Thinking small for solar

Corinna Wu, Hideyuki Murata
2012 MRS bulletin  
O n rooftops all over the world, silicon solar panels are harvesting sunlight and converting it into gigawatts of electricity. But now, many groups are hard at work developing solar technology that eschews silicon and other inorganic materials altogether. Organic photovoltaics (OPV), which uses organic materials such as polymers as the active component, follows on the heels of fi rst-generation crystalline silicon and second-generation thin-fi lm PV. OPV promises to be lightweight, fl exible,
more » ... d cheaper to manufacture. Its unique properties also open a range of applications not possible with inorganic solar materials. Recently, new approaches to making OPV that use small organic molecules as the light-harvesting ingredient have posted some remarkable successes. Until now, it was unclear whether small-molecule OPV had the potential shown by polymer OPV technologies. But power conversion effi ciencies reaching 10%-near that of amorphous silicon-have encouraged companies and academic groups to plunge forward with their small-molecule OPV research. Organic PV is attractive because the overall cost of the electrical power generated-expressed as lifetime multiplied by effi ciency/manufacturing cost-can be extrapolated to become much lower than that of silicon or thin-fi lm PV. The critical price point is much less than $1/W, which is where "PV breaks even with some of the other conventional technologies that are used for power generation-namely, the burning of some kind of fossil fuel," said Bernard Kippelen, director of the Center for Organic Photonics and Electronics at the Georgia Institute of Technology. The production cost of today's silicon PV technology is around $1-2/W, Kippelen said, but the price of the raw material-pure, electronic-grade silicon-makes up a substantial portion of the cost of the device. "You can't go much beyond the cost of the materials that are needed to fabricate the cell unless someone comes up with a new process where you have a lowcost way to produce high-quality silicon," he said. "That would really require a breakthrough." The inorganic materials used in thin-fi lm PV, such as cadmium telluride, have similar limitations for breakthrough raw material cost reductions. On the other hand, organic molecules are typically cheaper and more abundant. The layers of materials in OPV can also be much thinner, so less material is needed. If a 100-nm-thick layer can absorb sunlight effectively, the amount of material that coats 10 m 2 would not be more than 1-2 grams, Kippelen said. OPV can also be manufactured at low temperatures, which reduces the energy needed and allows for the use of plastic substrates. Common methods are spin-coating, die-coating, and organic vapor phase deposition onto a substrate. The energy payback for OPV can be measured in months, whereas for silicon, it typically takes two years for a silicon solar panel to generate enough energy to recover its manufacturing cost. The ability to use plastic substrates also means that OPV can be lightweight and fl exible-as can some second-generation thin-fi lm inorganic cells. Structures might not need as much reinforcement to support the weight of such panels-all of which contribute to the overall cost. For the past two decades, OPV researchers have been hard at work boosting effi ciencies, an important component of the cost equation (see fi gure). The most advanced cells with organic molecules are the dye-sensitized ones, introduced by Michael Grätzel and Brian O'Regan at the École Polytechnique Fédérale de Lausanne, Switzerland, in 1991. Grätzel cells, as they are called, contain a thin layer of an organic dye to harvest sunlight and work, in principle, like an electrochemical cell to produce current. The best cell effi ciency is greater than 12%. However, the challenge for scaling up the technology and getting long operational lifetimes has been to make hermetic packages that seal in the electrolyte, Kippelen said. For solid-state OPV, polymer-based solar materials currently dominate. Konarka in Lowell, Mass., has been ramping up its production, making polymer-based PV in sheets up to fi ve feet wide. The company is also introducing PV in different colors to provide design options for architects, said Stuart Spitzer, Konarka's vice president of materials and engineering. Polymers are easy to synthesize by bulk methods, but because the molecular weight and purity can be hard to control, the photovoltaic properties can also vary from one batch to the next. That is why some researchers have been taking a different tack by synthesizing small organic molecules for the sunlightabsorbing layer. "Once you have a particular batch of a small-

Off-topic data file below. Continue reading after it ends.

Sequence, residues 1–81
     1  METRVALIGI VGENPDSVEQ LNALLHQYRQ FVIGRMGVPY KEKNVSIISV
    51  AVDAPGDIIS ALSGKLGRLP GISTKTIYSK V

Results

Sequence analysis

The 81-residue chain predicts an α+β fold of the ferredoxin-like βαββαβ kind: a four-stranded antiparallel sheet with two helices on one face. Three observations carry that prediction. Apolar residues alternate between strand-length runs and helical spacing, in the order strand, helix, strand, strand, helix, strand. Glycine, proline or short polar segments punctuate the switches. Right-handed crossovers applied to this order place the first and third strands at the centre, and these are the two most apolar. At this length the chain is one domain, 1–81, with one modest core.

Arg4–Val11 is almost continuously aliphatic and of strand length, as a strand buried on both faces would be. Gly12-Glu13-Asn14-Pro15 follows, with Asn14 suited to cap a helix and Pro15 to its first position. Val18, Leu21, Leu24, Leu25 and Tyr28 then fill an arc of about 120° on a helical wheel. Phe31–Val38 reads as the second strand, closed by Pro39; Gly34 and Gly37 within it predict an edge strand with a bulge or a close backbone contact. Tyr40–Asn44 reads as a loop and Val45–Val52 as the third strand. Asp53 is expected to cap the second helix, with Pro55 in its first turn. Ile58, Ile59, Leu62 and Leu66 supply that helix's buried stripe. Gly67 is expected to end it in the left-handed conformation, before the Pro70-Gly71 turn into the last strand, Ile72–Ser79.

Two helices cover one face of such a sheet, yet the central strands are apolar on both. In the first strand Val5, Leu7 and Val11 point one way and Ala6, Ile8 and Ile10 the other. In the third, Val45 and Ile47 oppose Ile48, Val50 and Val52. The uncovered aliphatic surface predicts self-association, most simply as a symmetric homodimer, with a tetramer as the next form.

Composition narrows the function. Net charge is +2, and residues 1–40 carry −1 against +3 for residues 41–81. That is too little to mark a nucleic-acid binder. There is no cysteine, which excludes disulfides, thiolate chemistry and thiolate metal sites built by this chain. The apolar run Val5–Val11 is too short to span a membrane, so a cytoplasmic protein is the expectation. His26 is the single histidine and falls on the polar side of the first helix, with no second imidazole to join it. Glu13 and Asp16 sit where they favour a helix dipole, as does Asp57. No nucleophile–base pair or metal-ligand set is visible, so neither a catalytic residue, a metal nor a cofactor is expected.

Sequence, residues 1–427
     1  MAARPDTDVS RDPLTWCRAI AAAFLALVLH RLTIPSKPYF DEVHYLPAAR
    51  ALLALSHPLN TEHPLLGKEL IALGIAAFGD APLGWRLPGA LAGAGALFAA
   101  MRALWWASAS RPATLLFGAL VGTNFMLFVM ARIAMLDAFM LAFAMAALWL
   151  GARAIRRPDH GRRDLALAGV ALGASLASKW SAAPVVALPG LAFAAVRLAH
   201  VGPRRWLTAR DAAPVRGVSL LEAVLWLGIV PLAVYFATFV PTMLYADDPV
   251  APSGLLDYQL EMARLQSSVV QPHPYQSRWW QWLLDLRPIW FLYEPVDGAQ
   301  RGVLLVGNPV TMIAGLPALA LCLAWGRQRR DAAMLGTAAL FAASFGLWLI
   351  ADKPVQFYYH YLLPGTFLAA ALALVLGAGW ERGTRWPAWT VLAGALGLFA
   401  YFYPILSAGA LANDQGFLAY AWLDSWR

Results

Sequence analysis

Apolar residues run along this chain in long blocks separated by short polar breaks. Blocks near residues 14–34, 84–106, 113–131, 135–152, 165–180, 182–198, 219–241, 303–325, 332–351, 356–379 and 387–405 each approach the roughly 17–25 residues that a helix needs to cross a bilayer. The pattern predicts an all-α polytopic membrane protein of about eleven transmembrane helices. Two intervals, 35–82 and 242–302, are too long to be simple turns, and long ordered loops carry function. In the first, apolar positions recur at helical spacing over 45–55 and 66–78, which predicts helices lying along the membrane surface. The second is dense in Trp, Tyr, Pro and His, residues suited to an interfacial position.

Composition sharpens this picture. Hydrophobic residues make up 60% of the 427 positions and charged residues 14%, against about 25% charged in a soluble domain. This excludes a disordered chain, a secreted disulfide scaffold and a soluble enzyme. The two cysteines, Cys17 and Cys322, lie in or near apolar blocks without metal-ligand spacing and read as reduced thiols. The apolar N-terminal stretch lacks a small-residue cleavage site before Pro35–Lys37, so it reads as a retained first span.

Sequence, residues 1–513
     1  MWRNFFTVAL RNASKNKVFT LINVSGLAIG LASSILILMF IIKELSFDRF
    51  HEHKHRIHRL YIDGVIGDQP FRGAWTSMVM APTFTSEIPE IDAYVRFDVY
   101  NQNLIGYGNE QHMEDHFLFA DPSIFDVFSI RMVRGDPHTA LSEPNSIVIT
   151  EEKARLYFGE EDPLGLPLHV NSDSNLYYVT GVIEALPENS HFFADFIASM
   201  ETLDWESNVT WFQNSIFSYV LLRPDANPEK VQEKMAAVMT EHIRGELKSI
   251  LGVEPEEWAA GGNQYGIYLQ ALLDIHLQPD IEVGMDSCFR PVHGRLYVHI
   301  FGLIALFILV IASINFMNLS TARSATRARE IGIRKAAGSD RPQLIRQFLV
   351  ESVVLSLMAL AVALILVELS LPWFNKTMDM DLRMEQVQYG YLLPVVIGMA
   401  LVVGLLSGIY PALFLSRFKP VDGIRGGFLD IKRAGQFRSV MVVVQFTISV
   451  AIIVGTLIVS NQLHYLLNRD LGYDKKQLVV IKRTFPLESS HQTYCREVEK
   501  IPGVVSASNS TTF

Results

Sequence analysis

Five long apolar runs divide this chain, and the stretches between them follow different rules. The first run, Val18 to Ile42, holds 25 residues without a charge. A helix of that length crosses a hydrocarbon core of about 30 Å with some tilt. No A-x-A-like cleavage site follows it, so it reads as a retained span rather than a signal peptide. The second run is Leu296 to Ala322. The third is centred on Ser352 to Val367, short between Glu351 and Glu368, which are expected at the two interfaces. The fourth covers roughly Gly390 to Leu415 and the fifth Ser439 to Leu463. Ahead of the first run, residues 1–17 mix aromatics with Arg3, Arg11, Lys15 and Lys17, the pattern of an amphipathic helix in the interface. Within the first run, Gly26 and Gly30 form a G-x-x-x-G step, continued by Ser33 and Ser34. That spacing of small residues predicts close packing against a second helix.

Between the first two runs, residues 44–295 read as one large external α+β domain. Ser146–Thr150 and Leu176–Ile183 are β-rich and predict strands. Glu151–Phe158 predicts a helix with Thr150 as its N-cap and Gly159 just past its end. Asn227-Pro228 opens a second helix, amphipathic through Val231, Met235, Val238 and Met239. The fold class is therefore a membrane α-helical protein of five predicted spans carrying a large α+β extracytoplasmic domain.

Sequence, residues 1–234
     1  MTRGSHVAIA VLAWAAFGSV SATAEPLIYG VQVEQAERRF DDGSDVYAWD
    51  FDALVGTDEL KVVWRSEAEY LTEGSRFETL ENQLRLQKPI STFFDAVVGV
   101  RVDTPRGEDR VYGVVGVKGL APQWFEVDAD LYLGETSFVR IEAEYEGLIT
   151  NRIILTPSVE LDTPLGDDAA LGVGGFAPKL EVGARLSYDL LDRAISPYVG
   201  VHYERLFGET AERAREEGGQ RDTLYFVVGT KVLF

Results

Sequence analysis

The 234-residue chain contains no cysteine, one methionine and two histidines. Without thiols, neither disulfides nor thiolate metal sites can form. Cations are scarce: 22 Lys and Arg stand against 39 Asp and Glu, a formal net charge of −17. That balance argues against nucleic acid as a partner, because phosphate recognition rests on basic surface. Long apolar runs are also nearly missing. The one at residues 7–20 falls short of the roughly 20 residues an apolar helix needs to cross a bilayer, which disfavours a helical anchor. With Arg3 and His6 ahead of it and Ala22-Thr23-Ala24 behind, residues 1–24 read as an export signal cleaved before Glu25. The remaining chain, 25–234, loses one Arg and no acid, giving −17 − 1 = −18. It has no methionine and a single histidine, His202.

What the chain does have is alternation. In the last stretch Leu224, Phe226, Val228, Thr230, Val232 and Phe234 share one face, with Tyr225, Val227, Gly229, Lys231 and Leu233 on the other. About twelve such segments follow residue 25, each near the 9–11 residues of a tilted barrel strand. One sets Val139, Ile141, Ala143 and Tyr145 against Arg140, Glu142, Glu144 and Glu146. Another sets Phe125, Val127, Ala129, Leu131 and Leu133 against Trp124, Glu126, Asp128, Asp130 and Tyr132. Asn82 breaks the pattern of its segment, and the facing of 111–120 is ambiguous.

doi:10.1557/mrs.2012.62 fatcat:2esqiuep7reo3caoivbeh4vhnm